Certain books have not been written for adaptation, Neil Gaiman’s, American Gods is one of them. It is, however, a book I thoroughly enjoyed, a story that clashes the old gods with the new gods of technology, media and consumerism.
The ancient gods are desperately in need of devotion from the lesser minions of mankind, or else they will disappear forever into obscurity, which for them is their own personal hell. A state of no longer being remembered via the age-old ritual of worship. The new gods find the old gods irrelevant and late to extinction. That’s why having people think about them is decisively important. “This isn’t about what is . . . it’s about what people think is. It’s all imaginary anyway. That’s why it’s important. People only fight over imaginary things.” And it would seem the gods do too.
The story is also a great road trip through the US, not so much to places we expect to see, but more so on hidden roads and to secret places we are surprised to learn even exist. And they do!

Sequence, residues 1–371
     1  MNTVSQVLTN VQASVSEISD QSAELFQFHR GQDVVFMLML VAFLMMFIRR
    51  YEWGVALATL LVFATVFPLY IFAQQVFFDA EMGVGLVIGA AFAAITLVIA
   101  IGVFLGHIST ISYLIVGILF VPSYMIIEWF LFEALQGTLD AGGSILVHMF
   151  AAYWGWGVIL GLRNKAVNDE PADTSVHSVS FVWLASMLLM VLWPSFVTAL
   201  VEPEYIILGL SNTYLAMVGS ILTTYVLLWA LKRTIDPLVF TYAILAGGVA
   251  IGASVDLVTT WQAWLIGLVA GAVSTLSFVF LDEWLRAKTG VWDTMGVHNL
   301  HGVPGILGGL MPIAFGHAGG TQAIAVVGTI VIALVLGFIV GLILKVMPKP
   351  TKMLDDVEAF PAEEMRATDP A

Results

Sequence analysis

So, it comes as a surprise that Starz’s new TV series, based on the book, (remember, I did say the book was not written for adaptation), is so damn good. Having viewed half of season one, it seems to have succeeded in capturing the visual imagination of the book, as well as the extravagant ambition of the story telling.
But to be honest, American Gods’ proposal is a unique and daring risk for television, one that should pay off if you take your time and watch it from the beginning. Confusion seems to be part of the show’s rhythm, but holding closely to the characters you meet, each with their own bizarre personality, created from humanities desire to believe in deities, will reward your patience.
Let’s hope we see more risks like this in the future.